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Martinsburg police argue for higher pay

November 03, 1999|By JULIE E. GREENE

MARTINSBURG, W.Va. - Higher salaries and better benefits are needed to retain and attract police officers, Martinsburg City Police officers told City Council members Tuesday night.

Other city employees don't want to be left out, saying any salary-realignment should be citywide.

While six of the council's seven members were present for the roughly one-hour meeting focusing on police pay, the meeting actually was a Personnel Committee meeting.

Committee Chairman and Councilman Max Parkinson said the committee would discuss the meeting behind closed doors and make a recommendation to the City Council. No decision was to be made Tuesday night.

Before the meeting began Mayor Earnest Sparks said he wanted to avoid a repeat of last month's contentious face-off. "Hollering and screaming" won't accomplish much, he told the approximately 30 people who attended.

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Police told the committee the department was drawing few applicants in comparison to nearby cities with higher pay.

Patrolman Steve Urbanski said Hagerstown recently had 165 people show up for a police department test, while Martinsburg had 11 people show up. Martinsburg has 35 sworn officers.

Until Monday, Martinsburg offered the lowest starting annual salary for police officers among similar-sized cities in the region - approximately $21,900.

That went up to $24,550 a year on Monday when a new starting salary schedule kicked in, said City Manager Mark Baldwin.

Starting annual salaries in nearby cities are: $25,354 in Hagerstown; $30,279 in Frederick, Md.; $30,160 in Chambersburg, Pa.; $28,621 in Winchester, Va.; and $22,500 in Charles Town for police officers who have been through the academy.

Martinsburg Cpl. Charles Ellis Jr. said the problem goes beyond starting salaries.

Hagerstown pays its officers more when it comes to years of service as well, one reason Martinsburg is losing officers of seniority, Ellis said.

When officers with seniority leave, the city loses their experience and the investment made in those officers, he said.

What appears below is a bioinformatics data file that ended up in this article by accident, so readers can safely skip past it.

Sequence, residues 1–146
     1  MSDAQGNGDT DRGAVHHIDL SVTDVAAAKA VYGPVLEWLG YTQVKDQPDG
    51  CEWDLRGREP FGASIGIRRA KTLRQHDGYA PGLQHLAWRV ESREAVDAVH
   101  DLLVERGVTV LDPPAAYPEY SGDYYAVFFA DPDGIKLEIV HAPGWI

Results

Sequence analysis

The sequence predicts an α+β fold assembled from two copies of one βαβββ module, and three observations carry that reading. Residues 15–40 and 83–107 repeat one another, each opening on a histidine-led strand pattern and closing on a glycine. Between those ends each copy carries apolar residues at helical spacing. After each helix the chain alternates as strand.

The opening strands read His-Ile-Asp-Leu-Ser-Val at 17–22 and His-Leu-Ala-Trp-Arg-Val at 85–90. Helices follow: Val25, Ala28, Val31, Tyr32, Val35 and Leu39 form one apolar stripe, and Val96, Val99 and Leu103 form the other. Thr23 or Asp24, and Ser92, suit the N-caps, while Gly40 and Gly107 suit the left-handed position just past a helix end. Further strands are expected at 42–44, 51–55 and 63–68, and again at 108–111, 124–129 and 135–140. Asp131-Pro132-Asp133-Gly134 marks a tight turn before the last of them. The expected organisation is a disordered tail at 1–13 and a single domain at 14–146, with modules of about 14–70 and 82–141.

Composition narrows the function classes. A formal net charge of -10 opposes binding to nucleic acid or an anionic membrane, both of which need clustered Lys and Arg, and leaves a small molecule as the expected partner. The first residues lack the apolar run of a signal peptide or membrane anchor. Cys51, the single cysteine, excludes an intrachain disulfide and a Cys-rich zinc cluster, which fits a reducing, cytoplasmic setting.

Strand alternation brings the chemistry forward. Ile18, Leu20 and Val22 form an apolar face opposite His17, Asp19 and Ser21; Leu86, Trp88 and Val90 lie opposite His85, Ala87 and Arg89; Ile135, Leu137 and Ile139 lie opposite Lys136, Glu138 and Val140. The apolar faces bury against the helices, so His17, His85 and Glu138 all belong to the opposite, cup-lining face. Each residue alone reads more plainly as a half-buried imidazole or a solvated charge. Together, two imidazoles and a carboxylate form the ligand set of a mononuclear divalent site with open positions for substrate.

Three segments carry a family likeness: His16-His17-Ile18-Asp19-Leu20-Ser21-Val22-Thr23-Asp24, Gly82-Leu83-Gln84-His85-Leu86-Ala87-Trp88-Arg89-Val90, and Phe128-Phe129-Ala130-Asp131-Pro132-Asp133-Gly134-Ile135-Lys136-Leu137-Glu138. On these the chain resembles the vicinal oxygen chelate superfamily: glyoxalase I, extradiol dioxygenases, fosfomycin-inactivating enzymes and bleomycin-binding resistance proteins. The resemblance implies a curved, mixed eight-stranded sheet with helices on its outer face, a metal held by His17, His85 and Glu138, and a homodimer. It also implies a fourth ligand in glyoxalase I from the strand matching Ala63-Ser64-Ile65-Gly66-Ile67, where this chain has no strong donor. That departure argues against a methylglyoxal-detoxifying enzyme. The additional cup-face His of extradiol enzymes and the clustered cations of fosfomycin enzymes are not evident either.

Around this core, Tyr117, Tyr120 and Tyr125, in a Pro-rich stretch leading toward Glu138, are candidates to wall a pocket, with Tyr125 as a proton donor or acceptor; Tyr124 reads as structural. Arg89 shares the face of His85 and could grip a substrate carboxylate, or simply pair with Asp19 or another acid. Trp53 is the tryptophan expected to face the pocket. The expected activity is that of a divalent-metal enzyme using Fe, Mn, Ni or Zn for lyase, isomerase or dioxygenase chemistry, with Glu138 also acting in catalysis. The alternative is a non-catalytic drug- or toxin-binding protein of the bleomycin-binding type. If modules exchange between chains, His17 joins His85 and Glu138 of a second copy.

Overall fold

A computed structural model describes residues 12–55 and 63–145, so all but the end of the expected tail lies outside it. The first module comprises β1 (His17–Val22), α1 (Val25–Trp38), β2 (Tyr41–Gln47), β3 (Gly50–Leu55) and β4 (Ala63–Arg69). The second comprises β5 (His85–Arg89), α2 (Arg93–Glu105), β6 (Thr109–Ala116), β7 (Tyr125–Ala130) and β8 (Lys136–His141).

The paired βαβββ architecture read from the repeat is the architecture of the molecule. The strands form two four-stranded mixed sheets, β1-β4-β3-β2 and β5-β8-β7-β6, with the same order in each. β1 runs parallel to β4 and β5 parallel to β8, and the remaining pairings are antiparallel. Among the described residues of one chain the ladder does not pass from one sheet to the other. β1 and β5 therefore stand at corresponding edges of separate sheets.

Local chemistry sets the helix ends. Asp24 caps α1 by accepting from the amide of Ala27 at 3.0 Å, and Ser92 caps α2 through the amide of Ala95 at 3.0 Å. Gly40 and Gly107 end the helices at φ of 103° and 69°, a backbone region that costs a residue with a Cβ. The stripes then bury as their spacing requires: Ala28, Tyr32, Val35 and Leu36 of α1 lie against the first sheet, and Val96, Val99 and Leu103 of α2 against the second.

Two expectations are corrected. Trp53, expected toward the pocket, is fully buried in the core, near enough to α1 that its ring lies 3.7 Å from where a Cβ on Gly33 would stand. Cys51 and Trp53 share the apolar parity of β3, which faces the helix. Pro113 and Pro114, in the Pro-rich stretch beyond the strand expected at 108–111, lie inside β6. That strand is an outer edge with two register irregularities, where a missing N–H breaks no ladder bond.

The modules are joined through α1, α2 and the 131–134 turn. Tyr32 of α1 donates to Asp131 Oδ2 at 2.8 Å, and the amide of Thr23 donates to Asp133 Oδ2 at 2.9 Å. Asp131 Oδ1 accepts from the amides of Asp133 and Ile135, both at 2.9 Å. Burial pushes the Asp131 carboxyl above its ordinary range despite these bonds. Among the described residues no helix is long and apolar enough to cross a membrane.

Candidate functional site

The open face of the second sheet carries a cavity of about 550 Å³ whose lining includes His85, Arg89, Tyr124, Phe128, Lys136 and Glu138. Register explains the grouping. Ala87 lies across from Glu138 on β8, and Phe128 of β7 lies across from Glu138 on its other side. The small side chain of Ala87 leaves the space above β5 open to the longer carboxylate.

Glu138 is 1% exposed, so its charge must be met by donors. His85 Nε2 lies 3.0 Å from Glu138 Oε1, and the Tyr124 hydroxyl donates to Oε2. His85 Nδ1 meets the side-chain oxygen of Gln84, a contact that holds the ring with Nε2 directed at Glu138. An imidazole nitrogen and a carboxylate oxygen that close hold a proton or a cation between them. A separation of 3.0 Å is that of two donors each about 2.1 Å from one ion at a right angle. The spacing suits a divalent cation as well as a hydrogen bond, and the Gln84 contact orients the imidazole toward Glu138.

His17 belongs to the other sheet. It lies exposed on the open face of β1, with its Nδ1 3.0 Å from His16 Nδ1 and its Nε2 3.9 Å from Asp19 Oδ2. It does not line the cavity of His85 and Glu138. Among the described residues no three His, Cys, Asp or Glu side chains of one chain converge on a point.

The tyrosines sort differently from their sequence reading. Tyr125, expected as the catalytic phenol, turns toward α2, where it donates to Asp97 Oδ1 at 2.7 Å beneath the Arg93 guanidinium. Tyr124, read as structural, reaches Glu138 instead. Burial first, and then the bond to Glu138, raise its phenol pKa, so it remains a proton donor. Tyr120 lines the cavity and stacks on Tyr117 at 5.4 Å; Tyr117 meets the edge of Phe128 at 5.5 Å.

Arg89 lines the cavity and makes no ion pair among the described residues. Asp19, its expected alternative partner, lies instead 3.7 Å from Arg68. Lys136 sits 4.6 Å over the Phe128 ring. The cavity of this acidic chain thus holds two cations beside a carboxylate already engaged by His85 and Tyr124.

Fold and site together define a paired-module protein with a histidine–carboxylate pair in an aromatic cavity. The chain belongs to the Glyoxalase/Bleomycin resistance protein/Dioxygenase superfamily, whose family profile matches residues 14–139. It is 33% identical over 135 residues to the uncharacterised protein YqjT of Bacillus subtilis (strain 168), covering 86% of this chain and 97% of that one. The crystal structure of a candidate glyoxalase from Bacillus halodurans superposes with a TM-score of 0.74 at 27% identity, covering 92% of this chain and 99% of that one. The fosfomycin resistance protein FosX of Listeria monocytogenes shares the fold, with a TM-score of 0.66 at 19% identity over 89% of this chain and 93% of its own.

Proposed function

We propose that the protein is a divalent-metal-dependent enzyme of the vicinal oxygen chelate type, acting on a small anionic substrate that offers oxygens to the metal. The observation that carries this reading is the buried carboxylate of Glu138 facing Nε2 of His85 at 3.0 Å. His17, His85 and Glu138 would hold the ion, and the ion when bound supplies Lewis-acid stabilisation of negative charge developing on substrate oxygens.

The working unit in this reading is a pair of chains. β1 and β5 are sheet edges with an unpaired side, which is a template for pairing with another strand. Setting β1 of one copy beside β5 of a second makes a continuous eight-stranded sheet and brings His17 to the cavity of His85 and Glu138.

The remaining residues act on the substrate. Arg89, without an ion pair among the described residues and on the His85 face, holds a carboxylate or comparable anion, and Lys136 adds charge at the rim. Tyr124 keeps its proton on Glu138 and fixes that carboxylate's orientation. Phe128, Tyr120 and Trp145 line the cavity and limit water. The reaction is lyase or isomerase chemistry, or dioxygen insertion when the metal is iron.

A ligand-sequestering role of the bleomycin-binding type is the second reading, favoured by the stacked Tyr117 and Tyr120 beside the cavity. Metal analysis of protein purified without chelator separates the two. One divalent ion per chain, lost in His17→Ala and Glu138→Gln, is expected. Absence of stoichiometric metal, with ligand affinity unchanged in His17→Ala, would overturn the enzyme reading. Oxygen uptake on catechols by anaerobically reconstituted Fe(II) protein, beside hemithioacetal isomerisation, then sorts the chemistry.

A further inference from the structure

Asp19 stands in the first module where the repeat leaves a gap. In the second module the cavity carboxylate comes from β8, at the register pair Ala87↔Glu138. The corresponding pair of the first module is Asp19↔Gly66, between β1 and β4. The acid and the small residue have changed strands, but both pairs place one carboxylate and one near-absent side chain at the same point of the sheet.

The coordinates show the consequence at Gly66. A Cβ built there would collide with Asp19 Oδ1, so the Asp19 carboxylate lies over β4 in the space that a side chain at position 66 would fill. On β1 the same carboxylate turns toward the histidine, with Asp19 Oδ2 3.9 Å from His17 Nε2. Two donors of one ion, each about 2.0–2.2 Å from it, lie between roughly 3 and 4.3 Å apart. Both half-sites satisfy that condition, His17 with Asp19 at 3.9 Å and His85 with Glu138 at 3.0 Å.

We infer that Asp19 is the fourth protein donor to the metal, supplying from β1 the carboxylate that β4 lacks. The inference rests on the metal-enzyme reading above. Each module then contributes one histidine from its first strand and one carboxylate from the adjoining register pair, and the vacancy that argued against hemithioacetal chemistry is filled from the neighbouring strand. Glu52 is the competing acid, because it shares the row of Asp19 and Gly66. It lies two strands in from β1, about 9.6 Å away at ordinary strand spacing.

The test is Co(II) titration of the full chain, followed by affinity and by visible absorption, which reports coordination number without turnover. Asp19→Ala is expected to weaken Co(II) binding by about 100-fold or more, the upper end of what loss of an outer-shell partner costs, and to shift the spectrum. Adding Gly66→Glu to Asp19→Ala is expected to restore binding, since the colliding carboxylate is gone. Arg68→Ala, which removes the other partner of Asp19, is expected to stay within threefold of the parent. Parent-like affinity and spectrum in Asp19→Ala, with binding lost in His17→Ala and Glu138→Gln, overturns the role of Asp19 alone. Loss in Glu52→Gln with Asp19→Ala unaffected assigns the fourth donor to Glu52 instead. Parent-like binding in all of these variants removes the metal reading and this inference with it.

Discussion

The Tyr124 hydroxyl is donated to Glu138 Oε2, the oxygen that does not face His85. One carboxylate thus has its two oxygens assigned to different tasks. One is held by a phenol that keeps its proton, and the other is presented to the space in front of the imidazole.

All of this is happening as Berkeley County is the fastest growing county in the state.

"Our calls to service are increasing, however our manpower is decreasing," Ellis said.

Ellis questioned the city's wisdom in spending hundreds of thousands of dollars to repave city streets when the city has problems retaining police officers.

"I think the safety of the citizens in town should carry a little more precedence than the blacktop," Ellis said.

Besides the salary difference Urbanski said Hagerstown police officers who work evening or night shifts get higher pay and Hagerstown officers get two hours minimum of overtime for any court appearance, no matter how brief.

Martinsburg has no pay differential and pays overtime for the actual length of the court appearance, police said.

Reducing police overtime costs has been a major concern of Hagerstown's mayor and City Council in recent years.

The Martinsburg City Council doesn't have to return with a full package of better salaries and benefits, but the police department needs some relief, Ellis said, adding that 10 officers since 1994 have left for higher salaries at other departments.

Police aren't the only employees who deserve a raise, two city employees from other departments said.

Fire Lt. Eddie Gochenour said he respected the city's police department, but asked for "a fair and equitable salary alignment for all employees."

Betty Mason, secretary of the Public Works Department, agreed with Gochenour.

Mason said the city's garbage collectors, street cleaners and mechanics also work under tough conditions.

Garbage collectors may get pricked by needles in trash bags not knowing whether the person who used the needle has AIDS, and mechanics lay on cold concrete under garbage trucks while maggots fall in their face, she said.

Mason said she'd like to ask council members how much they would have to be paid to work under such conditions.

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